The Hario V60 Coffee Maker is a pour-over brewer, and a certified Sprudge favorite that’s perfect for brewing with at home. The V60 was invented in 2004 and is manufactured in Japan by Hario. The name stems from its distinct V shape and 60º angle. The brewer is available in various materials—glass, plastic, metal, and our personal favorite, ceramic (used in this guide).
Here’s our tried-and-true brew method that yields a delicious cup.
What you’ll need:
☑️ Hario V60 Coffee Maker
☑️ Hario filters
☑️ hot water
What’ll you’ll want to have:
☑️ coffee grinder
☑️ gooseneck kettle
☑️ coffee scale
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40g ground coffee (medium)
640ml hot water (205ºF)
Add 80ml of hot water and let bloom for 30 seconds.
After thirty seconds, slowly add remaining water until you reach 640ml at ~2:30 minutes.
Allow the water to draw down for thirty seconds or so.
Measure out 40g of coffee and get your hot water going. Shoot for 205ºF/96ºC.
Once your water is up to temperature, place the V60 filter in the V60. It’s helpful to pre-fold the seam so that when you open the filter, it sits flat against the cone. Place the cone on top of a server. Pour a good amount of hot water through the filter to both rinse the paper filter and preheat the cone. A ceramic filter takes quite a bit of water to preheat—otherwise that mass will suck the heat out of your brew. Plastic filters, on the other hand, are great insulators and don’t need that much preheating.
Grind the coffee and place it into the filter. We like making a depression in the bed of the coffee with a spoon or your finger to focus the stream of water to saturate all of the coffee. Place your coffee on the scale and tare it. Get your stopwatch ready!
Pour about 80g of hot water on the grounds and start the timer. Use a spoon or a chopstick to stir up the bed of coffee, being careful not to tear or disrupt the paper filter.
After 00:30 (30 seconds) has passed, pour the stream of water initially into the center of the bed, then use the directionality of the stream to distribute the coffee outwards evenly in a spiral-motion pour. Be gentle, you just want to push it outwards, not punch holes through it. Spiral back towards the center and maintain a steady pour; the objective is to make a circle with your stream the size of a silver dollar, but not actually pour straight down the center. This circular motion with a steady stream keeps the coffee grounds evenly distributed. Aim to complete your 640mL total water volume in 02:30. Once you are done pouring, take a spoon, and gently stir the coffee in the cone, scraping the sides of the filter. Be gentle, but don’t be afraid to give the liquid some direction. The drip-through should finish in about 00:30.
The V60 is a brew method that benefits greatly from using a pour-over kettle. The V60 is conical like the Chemex, but differs in that the paper filter is suspended on the ridges. No, the swirly shape of the ridges don’t create a vortex within the cone, but they do provide paths for liquid to travel along as it flows out of all points of the filter. Because the flow rate through the V60 is relatively unrestricted, aim to grind the coffee “medium,” like beach sand.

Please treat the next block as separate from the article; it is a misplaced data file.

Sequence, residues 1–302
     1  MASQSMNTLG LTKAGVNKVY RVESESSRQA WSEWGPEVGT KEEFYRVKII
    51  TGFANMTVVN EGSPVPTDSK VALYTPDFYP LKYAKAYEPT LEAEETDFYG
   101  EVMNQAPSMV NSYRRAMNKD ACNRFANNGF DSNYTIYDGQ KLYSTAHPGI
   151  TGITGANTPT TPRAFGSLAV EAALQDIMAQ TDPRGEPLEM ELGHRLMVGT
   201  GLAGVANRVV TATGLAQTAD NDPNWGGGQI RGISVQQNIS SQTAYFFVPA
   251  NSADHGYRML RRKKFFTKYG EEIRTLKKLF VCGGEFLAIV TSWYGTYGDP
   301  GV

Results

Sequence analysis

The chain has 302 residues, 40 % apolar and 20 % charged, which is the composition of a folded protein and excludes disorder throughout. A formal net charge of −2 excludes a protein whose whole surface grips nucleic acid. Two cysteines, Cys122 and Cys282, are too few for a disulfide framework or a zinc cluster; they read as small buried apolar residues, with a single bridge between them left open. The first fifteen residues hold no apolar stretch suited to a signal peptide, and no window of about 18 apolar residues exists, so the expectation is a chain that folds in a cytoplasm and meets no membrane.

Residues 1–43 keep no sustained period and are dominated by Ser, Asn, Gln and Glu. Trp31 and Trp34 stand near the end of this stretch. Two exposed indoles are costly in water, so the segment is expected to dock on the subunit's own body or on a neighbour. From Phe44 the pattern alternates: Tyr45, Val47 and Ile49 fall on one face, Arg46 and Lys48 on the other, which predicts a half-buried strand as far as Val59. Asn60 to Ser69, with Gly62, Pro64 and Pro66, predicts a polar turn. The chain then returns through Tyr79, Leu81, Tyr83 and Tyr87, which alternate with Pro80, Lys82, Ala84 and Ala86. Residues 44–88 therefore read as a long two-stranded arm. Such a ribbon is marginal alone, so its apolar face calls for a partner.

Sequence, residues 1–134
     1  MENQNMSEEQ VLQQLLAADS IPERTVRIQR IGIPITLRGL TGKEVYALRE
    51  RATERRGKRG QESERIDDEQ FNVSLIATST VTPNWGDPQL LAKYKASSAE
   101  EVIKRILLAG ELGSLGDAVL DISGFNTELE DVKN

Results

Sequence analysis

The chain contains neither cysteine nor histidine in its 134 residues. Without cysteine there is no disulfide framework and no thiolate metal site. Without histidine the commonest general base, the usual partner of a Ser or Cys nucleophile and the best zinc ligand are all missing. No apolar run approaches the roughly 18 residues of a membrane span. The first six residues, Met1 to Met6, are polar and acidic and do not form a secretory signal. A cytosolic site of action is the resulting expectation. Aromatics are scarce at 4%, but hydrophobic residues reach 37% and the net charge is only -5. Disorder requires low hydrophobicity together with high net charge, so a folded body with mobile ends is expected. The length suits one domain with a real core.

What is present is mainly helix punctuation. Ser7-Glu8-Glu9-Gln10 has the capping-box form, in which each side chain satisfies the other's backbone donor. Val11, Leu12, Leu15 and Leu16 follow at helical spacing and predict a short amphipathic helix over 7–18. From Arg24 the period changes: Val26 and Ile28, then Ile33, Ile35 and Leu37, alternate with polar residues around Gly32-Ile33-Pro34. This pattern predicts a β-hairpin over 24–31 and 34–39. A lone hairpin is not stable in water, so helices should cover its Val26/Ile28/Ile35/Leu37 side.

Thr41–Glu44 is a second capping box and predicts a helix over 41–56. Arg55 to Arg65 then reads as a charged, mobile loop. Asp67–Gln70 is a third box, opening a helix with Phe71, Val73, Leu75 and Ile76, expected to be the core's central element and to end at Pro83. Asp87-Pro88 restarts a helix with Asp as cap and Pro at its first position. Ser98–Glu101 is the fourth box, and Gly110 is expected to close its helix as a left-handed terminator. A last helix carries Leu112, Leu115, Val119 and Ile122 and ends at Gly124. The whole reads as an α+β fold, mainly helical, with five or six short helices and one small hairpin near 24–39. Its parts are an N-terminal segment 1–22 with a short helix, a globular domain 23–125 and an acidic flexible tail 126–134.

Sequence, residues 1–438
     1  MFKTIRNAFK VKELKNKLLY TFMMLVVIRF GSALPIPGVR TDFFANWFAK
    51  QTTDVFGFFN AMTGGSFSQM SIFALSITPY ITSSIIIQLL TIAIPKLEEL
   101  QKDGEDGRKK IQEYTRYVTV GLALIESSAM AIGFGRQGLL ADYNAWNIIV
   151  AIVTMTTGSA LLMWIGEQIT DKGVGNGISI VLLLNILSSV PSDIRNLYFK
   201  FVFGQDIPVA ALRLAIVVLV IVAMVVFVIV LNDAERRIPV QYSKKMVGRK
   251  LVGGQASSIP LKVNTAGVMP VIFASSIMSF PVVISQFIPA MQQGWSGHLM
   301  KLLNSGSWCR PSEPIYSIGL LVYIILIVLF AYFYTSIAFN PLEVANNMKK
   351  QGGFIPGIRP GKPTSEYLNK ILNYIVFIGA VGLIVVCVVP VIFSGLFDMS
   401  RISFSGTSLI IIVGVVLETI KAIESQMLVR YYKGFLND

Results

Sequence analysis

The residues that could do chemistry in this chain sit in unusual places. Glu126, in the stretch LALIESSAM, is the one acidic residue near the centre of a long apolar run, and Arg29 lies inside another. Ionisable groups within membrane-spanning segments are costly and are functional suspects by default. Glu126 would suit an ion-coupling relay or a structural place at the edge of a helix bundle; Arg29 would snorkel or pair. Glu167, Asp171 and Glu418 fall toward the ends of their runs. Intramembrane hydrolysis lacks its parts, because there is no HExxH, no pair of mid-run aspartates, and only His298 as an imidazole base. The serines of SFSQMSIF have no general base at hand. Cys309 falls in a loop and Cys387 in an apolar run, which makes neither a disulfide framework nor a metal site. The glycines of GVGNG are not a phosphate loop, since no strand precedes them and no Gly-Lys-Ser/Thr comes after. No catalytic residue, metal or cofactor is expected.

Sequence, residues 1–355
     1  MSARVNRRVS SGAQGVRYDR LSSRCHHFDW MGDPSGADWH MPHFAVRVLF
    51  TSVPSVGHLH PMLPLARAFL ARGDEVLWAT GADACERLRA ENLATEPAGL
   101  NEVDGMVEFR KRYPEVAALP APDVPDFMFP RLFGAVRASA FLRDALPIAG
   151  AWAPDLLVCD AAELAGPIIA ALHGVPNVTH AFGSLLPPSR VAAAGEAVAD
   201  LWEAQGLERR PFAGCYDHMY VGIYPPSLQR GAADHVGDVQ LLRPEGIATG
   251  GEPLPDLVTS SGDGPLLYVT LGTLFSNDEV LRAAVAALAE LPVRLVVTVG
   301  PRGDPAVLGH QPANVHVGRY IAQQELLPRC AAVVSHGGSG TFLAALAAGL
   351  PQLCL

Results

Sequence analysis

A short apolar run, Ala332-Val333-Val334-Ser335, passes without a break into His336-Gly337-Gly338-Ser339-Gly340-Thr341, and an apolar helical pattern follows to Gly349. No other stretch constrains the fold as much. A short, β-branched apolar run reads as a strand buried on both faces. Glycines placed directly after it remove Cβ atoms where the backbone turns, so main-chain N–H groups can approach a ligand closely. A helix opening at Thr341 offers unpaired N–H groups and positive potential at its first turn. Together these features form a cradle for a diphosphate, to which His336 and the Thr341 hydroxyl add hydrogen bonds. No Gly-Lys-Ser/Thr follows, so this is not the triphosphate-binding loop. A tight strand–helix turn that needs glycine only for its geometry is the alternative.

Alternatively, if you got the memo that the V60 was cool but have commitment issues and didn’t want to spring for the pour-over kettle, you can make it work with a stovetop kettle. Instead of maintaining a steady stream, try splitting up the main pour (after the initial bloom) into two chunks, and stir a bit in between to make sure all the grinds stay submerged. Your mileage may vary!
The V60 is fairly adept at handling a range of batch sizes—we have used an V60 01 to make as little as 75mL of coffee and a V60 03 to make as much as 1.2L. Try 640mL/40g with an 02 size cone.
Sprudge brew guides utilize a brew ratio of 16:1 by weight, that is, for every 16 grams of water used, 1 gram of coffee is used. This is slightly more generous than the 60g/L standard recommended by the SCA, as 1000/16=62.5.
Grind measurements are given in subjective analogs, e.g. “like playground sand.” Communicating particle size effectively is near impossible, as grinder settings don’t translate universally. Ultimately, tasting and experience will illuminate the proper range of grinds for each brew method.
We specify a “bloom” of 30 seconds. Try a little longer if the coffee is really fresh.
The rate at which coffee extracts is influenced by a set of variables: surface area, water temperature, agitation, flow rate, and so forth. Once you get consistent, confident, and consistently confident, try to juggle the variables a bit: grind finer and use slightly cooler water. Grind coarser and let it steep longer. This balancing act ensures that there’s no single right way to do any of this… just use your noggin, but more importantly, use your taste to guide you.
Generally, if a coffee is thin, hollow, grassy, sour, lacks sweetness, it’s not extracted enough. The most effective way to correct this is to make the grind finer and keep everything else the same. If a brew is bitter, harsh, astringent, it’s over-extracted: next time, try coarsening up the grind.
Do you have a Hario V60 brew guide or video? Let us know!
Matthew P. Williams contributed to this reporting. Photographs by Bryan Schiele.